Plastic single-use instruments provide functionality too, such as color coding. During surgery, blood can cover instrument labels or make lettering hard to read. Plastics formulated in different colors allow designers to communicate characteristics such as size or function, eliminating potential confusion; especially important in kits where several instruments may appear similar. In today’s globally-connected world it’s also key to patient safety with surgeons in Berlin, Boston, Beijing, or Buenos Aries, because color-coding doesn’t require translation.
During design, ensure that the part design and conversion process(es) are optimized in a plastics-centric manner. It’s unfortunately common for a medical device company’s first effort at plastics conversion to fail due to a traditional metal part design being specified and realized in plastic.
Differences can also appear in assembly. Like metal parts, molded plastic products can use threaded fasteners; however, plastic parts can also incorporate snap fits, flash joining, welding, and solvent bonding. With metal, joining or welding requires high heat. However, the heat from a hot plate may be enough to join or weld plastic.
Remember, however, that plastics have different tolerances that could affect product assembly.
Before replacing metal with plastic, it’s essential to understand all manufacturing considerations and ramifications. Metal instruments feature shapes and structures that are most frequently made by machining, sometimes casting, followed by secondary operations such as milling, boring, anodizing, or polishing. These processes are typically combined into a job shop workflow well suited for low-volume, high-variability production outputs.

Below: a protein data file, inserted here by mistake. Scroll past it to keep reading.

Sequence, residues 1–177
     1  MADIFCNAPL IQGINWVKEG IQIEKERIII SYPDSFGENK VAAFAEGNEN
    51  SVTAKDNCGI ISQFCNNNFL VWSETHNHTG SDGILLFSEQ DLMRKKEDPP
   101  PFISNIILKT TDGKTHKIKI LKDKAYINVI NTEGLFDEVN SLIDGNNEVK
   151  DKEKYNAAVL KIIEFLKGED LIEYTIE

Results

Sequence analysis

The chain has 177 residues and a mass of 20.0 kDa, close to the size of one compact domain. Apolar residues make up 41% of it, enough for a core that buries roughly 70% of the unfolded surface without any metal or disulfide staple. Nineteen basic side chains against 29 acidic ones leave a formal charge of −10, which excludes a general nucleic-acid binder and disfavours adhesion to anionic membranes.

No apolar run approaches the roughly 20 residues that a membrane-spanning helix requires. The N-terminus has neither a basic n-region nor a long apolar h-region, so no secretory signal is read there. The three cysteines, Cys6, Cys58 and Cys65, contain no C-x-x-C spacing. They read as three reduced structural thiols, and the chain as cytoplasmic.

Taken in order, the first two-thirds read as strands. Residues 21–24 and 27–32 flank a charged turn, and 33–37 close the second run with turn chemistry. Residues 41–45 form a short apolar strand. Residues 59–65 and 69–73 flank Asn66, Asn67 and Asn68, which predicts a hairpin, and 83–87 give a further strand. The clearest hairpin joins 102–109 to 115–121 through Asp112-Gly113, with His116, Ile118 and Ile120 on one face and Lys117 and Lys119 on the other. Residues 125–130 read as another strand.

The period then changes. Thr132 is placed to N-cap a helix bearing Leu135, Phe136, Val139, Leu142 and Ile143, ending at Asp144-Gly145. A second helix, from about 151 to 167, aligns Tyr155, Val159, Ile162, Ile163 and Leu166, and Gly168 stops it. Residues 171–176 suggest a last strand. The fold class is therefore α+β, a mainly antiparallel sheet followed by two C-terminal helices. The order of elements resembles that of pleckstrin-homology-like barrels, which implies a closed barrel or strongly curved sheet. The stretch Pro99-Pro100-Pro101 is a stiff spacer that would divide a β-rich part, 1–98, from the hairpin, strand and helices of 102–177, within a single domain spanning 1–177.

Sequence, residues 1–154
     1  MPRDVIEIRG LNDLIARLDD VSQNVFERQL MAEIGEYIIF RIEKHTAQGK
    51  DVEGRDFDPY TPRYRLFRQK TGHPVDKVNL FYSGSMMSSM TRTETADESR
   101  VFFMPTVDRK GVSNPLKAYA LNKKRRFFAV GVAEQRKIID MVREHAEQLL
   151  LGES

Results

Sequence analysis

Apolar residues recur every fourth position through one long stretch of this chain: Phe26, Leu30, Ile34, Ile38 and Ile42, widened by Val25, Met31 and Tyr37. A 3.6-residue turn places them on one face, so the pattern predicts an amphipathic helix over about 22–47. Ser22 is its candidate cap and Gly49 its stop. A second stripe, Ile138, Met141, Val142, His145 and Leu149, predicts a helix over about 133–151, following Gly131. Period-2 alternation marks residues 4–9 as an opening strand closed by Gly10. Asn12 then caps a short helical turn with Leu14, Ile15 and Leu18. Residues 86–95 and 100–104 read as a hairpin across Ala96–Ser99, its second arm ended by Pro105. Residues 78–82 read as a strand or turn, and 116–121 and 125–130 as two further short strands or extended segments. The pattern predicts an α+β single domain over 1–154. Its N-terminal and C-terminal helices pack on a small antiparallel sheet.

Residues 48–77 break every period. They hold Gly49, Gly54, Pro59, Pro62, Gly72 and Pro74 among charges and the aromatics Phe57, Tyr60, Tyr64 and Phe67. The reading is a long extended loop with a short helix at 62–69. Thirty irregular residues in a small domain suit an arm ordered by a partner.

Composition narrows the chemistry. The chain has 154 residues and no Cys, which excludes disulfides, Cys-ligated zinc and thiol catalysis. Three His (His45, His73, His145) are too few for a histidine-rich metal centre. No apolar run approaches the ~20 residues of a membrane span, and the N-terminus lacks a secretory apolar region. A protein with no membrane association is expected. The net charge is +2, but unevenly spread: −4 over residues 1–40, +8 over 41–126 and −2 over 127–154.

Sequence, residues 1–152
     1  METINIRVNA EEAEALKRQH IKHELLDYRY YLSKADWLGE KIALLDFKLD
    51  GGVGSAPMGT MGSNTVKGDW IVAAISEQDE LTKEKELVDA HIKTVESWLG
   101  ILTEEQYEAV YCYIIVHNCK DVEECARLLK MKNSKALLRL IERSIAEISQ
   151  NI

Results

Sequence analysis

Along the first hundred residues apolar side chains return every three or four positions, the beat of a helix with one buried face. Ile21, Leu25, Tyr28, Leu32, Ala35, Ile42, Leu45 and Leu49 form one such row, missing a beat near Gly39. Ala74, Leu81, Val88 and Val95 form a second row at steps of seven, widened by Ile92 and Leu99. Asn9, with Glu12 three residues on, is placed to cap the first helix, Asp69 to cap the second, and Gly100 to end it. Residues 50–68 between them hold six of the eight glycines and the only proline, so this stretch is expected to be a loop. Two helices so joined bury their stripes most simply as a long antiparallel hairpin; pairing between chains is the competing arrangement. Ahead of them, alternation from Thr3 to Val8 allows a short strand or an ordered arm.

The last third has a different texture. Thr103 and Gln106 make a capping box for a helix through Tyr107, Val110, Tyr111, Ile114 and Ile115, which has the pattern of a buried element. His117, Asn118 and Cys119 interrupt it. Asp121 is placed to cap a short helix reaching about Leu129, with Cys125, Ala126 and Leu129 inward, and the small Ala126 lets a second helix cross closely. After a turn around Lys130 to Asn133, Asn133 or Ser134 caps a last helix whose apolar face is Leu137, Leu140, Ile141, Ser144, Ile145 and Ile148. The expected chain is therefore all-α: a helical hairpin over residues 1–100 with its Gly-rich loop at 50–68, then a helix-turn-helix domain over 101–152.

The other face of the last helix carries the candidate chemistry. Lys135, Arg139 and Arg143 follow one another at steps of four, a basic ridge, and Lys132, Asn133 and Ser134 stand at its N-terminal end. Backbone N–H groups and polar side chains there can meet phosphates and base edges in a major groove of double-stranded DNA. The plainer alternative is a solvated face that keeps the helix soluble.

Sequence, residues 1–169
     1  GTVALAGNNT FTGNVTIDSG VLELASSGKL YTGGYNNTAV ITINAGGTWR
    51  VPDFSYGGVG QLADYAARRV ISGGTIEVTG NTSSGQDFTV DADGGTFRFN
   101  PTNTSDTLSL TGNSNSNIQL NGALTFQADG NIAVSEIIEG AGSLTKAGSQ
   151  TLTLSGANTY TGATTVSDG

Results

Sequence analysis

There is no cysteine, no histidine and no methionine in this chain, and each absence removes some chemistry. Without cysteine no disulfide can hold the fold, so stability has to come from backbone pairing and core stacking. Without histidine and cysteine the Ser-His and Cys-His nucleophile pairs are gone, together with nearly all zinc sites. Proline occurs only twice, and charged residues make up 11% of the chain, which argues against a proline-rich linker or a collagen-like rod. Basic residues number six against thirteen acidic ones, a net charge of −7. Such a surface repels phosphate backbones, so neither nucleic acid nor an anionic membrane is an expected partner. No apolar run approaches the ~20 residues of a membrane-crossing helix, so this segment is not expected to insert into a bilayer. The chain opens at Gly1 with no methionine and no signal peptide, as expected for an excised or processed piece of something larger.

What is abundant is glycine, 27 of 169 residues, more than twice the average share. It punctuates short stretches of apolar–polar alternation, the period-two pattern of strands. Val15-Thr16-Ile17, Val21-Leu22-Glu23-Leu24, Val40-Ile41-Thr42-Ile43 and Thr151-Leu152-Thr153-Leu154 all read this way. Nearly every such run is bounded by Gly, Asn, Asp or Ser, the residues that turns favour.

A shift to single-procedure instrumentation brings the aspect of increased part volumes. Many instrument categories can then support conversion to more efficient mass production methods. In the case of plastics, part volumes commonly support moving to injection molding. This high-volume process supports greater design freedom and reduced part cost, allowing designers to achieve intricate features and sophisticated geometries not possible with metal manufacturing methods.
Secondary processes using plastic components – printing, joining, packaging, sterilization – can often be efficiently incorporated in line or via dedicated production cells specific to the medical device.
Plastics capabilities have grown and improved throughout medical device supply chains during the past decade. Many machine houses and contract manufacturers have incorporated molding into their operations. Their experience and advice are critical early in the product development process to ensure successful conversion to an all plastic or plastic-metal hybrid single-procedure device.
Designers who plan to develop single-use instruments should consider incorporating plastics but need to do more than substitute one type of material for another. In addition to choosing the right polymer, it’s essential to understand the many design and manufacturing differences between metal and plastic materials. Supply chains developed within the industry with plastics expertise assist and enable designers to take advantage of the benefits. By collaborating with material suppliers committed to healthcare, as well as their supply chain partners, medical device manufacturers can create new, innovative designs while increasing efficiency, controlling costs, and helping reduce the risk of HAIs.